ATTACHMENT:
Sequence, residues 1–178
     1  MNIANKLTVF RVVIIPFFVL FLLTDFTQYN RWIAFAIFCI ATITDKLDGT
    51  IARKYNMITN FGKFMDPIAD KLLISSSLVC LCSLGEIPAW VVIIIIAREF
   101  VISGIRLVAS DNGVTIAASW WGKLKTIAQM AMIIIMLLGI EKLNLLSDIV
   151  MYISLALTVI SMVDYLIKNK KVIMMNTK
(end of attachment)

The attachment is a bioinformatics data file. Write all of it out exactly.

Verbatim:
Sequence, residues 1–178
     1  MNIANKLTVF RVVIIPFFVL FLLTDFTQYN RWIAFAIFCI ATITDKLDGT
    51  IARKYNMITN FGKFMDPIAD KLLISSSLVC LCSLGEIPAW VVIIIIAREF
   101  VISGIRLVAS DNGVTIAASW WGKLKTIAQM AMIIIMLLGI EKLNLLSDIV
   151  MYISLALTVI SMVDYLIKNK KVIMMNTK